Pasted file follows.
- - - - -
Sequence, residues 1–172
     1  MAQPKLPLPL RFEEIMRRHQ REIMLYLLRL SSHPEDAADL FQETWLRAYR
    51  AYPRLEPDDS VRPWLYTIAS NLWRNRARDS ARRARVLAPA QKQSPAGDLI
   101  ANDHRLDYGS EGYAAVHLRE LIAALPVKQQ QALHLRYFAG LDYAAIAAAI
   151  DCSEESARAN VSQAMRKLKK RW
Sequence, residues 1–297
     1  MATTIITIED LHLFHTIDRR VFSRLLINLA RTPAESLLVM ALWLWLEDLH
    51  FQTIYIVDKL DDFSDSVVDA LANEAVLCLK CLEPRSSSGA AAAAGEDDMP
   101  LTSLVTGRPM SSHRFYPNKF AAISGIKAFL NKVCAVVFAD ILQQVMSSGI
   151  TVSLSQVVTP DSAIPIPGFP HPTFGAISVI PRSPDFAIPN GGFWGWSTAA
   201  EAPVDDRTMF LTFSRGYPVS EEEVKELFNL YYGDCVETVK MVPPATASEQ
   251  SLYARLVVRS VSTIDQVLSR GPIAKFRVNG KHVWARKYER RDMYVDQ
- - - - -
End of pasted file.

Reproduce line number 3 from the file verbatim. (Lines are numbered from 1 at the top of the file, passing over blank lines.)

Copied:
    51  AYPRLEPDDS VRPWLYTIAS NLWRNRARDS ARRARVLAPA QKQSPAGDLI